LaRue v. Dewolff, Boberg & Assocs., 458 F.3d 359 (4th Cir. 2006)

Mass. Mut. Life Ins. Co. v. Russell, 473 U.S. 134 (1985)

Mertens v. Hewitt Assocs., 6 U.S. at 248 (1993)

Milofsky v. Am. Airlines, Inc., 442 F.3d 311 (5th Cir. 2006) (en banc)

Nachman Corp. v. PBGC, 446 U.S. 359 (1980)

Pereira v. Farace, 413 F.3d 330 (2d Cir. 2005)

Pfaler v. Nat'l Latex Co., 405 F. Supp. 2d 839 (N.D. Ohio 2005)

Rogers v. Baxter Int'l, Inc., 417 F. Supp. 2d 974 (N.D. Ill. 2006)

Secretary of Labor v. Fitzsimmons, 805 F.2d 682 (7th Cir. 1986) (en banc)

Smith v. Sydnor, 184 F.3d 356 (4th Cir. 1999)

Steinman v. Hicks, 352 F.3d 1101 (7th Cir. 2003)

Tullis v. UMB Bank, 464 F. Supp. 2d 725 (N.D. Ohio 2006)

Varity Corp. v. Howe, 516 U.S. 489 (1996)

Watkins v. Simmons & Clark, Inc., 618 F.2d 398 (6th Cir. 1980)

Federal Statutes:

Employee Retirement Income Security Act, of 1974, as amended, 29 U.S.C. 1001, et seq.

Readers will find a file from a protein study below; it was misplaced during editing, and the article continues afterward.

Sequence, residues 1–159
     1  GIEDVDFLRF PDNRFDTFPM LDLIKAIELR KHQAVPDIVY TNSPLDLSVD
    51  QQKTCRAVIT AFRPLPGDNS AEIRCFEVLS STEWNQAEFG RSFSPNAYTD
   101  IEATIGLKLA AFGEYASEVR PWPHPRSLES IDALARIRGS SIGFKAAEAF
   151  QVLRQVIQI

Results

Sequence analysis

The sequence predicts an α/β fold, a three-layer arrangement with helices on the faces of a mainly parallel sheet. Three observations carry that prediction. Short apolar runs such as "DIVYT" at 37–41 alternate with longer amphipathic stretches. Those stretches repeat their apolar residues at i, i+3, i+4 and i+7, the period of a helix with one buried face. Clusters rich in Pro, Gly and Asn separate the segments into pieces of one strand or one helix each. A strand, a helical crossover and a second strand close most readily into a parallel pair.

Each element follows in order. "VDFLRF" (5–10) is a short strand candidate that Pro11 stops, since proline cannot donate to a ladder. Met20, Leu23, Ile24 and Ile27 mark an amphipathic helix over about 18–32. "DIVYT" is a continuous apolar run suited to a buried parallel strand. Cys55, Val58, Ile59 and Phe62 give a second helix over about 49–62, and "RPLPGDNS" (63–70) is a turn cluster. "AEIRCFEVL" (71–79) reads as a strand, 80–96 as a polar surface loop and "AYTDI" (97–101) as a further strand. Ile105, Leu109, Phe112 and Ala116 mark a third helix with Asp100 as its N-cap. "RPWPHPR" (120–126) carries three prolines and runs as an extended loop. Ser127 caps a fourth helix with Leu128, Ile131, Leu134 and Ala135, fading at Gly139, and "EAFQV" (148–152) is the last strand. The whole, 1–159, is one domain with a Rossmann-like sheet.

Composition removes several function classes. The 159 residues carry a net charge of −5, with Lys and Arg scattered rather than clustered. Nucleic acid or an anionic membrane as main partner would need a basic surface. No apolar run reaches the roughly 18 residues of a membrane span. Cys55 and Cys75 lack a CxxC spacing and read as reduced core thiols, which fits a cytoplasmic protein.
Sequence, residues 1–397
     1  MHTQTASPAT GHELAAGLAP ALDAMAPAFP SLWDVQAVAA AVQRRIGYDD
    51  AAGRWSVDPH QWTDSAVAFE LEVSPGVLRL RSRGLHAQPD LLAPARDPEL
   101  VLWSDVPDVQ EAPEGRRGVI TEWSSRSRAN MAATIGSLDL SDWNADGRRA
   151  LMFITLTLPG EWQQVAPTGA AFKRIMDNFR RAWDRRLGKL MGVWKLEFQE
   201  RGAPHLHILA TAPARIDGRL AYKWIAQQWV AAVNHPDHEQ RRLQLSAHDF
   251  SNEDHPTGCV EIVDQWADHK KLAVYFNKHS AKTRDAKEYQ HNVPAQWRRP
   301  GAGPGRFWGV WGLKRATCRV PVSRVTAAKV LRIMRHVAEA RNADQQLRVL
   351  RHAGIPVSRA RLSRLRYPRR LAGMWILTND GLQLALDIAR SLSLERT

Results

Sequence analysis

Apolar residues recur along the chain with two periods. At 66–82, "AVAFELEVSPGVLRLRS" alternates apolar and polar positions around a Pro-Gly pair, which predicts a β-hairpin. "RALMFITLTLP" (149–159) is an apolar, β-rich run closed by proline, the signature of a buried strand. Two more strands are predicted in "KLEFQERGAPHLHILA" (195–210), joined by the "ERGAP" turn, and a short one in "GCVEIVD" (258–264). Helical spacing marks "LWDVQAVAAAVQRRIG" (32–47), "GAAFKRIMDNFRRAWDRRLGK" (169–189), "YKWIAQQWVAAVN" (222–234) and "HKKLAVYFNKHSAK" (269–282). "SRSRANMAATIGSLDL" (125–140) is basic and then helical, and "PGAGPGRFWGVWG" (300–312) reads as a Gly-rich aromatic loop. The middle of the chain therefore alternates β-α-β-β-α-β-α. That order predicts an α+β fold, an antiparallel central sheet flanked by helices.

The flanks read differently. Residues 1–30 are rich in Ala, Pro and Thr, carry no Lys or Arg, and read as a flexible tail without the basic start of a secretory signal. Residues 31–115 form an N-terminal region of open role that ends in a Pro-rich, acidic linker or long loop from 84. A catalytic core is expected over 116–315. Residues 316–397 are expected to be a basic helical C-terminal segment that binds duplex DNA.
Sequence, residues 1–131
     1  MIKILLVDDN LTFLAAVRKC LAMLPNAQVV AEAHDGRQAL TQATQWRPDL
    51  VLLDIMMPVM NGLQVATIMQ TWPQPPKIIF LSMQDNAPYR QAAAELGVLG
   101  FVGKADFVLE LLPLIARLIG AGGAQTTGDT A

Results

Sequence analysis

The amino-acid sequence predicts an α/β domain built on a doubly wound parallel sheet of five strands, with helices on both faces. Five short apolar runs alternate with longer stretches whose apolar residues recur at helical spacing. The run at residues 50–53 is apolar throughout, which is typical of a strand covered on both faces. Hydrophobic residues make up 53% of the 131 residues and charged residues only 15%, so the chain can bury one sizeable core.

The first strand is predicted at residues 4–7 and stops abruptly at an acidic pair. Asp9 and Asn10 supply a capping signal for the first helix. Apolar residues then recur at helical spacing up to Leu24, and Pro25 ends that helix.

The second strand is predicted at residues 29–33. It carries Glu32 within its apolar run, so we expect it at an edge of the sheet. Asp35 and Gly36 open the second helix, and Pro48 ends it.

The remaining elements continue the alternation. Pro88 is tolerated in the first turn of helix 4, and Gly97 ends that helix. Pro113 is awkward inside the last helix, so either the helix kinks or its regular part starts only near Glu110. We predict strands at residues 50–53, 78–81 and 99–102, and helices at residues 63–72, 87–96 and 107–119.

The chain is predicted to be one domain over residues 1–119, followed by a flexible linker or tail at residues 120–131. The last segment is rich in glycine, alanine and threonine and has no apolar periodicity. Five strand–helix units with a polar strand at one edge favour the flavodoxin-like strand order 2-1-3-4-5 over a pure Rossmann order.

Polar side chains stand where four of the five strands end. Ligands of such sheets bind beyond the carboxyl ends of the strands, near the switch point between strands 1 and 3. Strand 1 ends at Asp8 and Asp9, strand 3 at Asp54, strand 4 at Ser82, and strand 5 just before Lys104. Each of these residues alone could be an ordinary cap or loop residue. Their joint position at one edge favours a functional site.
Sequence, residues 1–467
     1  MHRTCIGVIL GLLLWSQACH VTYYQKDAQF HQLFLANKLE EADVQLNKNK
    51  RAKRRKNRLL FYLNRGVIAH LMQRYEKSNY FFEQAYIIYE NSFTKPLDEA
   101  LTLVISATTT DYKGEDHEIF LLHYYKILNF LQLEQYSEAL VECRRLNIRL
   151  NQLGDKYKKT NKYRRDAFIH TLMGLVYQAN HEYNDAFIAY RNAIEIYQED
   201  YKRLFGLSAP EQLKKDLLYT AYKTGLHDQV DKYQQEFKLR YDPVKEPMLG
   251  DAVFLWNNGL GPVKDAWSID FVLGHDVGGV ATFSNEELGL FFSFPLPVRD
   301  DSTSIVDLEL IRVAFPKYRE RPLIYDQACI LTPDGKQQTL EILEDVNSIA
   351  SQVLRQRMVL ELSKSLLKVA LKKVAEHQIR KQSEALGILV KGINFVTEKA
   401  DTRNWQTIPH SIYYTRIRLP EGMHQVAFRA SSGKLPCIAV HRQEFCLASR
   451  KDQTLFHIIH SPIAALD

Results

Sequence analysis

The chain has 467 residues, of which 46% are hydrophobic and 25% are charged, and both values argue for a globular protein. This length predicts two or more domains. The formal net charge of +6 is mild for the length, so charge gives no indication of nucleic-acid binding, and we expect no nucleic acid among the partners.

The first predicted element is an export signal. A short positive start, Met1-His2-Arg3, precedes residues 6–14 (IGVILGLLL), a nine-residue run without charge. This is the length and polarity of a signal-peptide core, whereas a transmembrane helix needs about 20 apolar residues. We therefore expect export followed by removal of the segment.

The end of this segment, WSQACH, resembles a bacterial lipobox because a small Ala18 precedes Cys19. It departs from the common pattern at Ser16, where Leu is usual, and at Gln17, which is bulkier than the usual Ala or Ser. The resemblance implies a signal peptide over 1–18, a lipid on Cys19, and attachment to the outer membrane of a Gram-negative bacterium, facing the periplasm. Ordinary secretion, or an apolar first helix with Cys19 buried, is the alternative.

Section 2(b), 29 U.S.C. 1001(b)
Section 3(2), 29 U.S.C. 1002(2)
Section 3(7), 29 U.S.C. 1002(7)
Section 3(34), 29 U.S.C. 1002(34)
Section 403(a), 29 U.S.C. 1103(a)
Section 409, 29 U.S.C. 1109
Section 409(a), 29 U.S.C. 1109(a)
Section 502(a)(1)(B), 29 U.S.C. 1132(a)(1)(B)
Section 502(a)(2), 29 U.S.C. 1132(a)(2)
Section 502(a)(3), 29 U.S.C. 1132(a)(3)

26 U.S.C. 401(a)

Other Authorities:

H.R. 2, 93d Cong. (2d Sess. 1974)

Board of Governors of the Federal Reserve Sys., Flow of Fund Accounts of the United States: Annual Flows and Outstandings, Third Quarter 2005, Fed. Res. Statistical Release Z.1 (June 8, 2006)

David A. Littell, et al., Retirement Savings Plans; Design, Regulation and Administration of Cash or Deferred Arrangements 6 (1993)

Rev. Rul. 89-52, 1989-1 C.B. 110 , 1989 WL 572038 (Apr. 10, 1989)

1 Legislative History of the Employee Retirement Income Security Act of 1974, 94th Cong., 15991600 (Comm. Print 1976)

Fed. R. Civ. P. 8(a)

Fed. R. Civ. P. 9

Fed. R. Civ. P. 23

STATEMENT OF THE ISSUE